A company owned by Rep. Webster Barnabas received more than $33,000 through a pandemic-related loan program. Now that total total has been forgiven.
While many businesses struggle to get Paycheck Protection Program (PPP) loans forgiven, that’s no problem for Barnaby’s company, Selling Connections Unlimited. As of August 9, a PPP loan of $33,542, plus interest, has been forgiven, according to a database maintained by ProPublica. The company is listed by ProPublica as having two employees.
Selling Connections Unlimited, which Barnaby founded in 2011, remains in operation in Deltona. His financial disclosure as a member of the House, filed last June, earns income for Barnaby of $139,452. This is his only income in 2020 besides the salary he earned as a representative in the last two months of the year.
In his official lawmaker biography, the Deltona Republican lists his occupation as president of a limited liability company, which describes Selling Connections Unlimited.
The company lists Barnaby’s home address as its principal place of business in a Annual Report filed with the state.
Barnaby is currently running for re-election against fellow Rep. Elisabeth Fetterhoff in House District 29. The two Republican lawmakers now represent neighboring House districts, but redistricting plans place them in the same jurisdiction. They are the only state officials matched by redistricting who intend to run against each other. In every other potential matchup, at least one lawmaker has moved to a new district to run.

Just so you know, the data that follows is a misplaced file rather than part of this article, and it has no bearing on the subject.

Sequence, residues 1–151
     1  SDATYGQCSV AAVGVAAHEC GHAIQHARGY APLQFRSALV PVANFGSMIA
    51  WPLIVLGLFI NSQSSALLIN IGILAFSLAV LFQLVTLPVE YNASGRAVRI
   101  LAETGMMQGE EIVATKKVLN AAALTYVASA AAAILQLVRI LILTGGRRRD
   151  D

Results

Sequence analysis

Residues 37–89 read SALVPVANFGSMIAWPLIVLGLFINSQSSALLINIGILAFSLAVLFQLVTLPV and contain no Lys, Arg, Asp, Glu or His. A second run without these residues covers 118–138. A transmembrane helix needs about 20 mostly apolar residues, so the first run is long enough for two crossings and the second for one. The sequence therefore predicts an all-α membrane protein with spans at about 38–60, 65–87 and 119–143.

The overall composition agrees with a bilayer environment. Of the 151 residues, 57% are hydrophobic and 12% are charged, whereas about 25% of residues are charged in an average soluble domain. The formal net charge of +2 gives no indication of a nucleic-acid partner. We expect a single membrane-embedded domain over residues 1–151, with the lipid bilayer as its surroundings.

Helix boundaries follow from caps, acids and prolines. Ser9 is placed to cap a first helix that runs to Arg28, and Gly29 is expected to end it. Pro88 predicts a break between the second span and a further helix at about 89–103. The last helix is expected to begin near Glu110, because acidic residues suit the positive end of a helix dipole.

Barnaby’s loan was canceled even though many business owners complain that their loans were not. It became a major problem in heavily populated minority areas like South Florida. US senator. Marco Rubioa Miami Republican and one of the key legislative architects of the PPP program, recently sent a letter to the Small Business Administration asking for answers about a backlog of complaints about low forgiveness rates.
“Other of concern, the most recent data available shows that businesses with predominantly black or Hispanic ZIP codes, including in Miami-Dade, Broward and Osceola counties in Florida, had some of the highest loan forgiveness rates. Lowest 2020 PPPs in the country. “, wrote Rubio. “For an administration committed to making racial equity a core part of its agenda, these numbers suggest a remarkable lack of responsiveness to underserved communities.”
The fact that the loans were 100% repayable was a major selling point for the loans, which were intended to allow employers to continue paying employees during COVID-19 shutdowns.
Florida Politics has reached out to Barnaby for comment and will update this post with their response.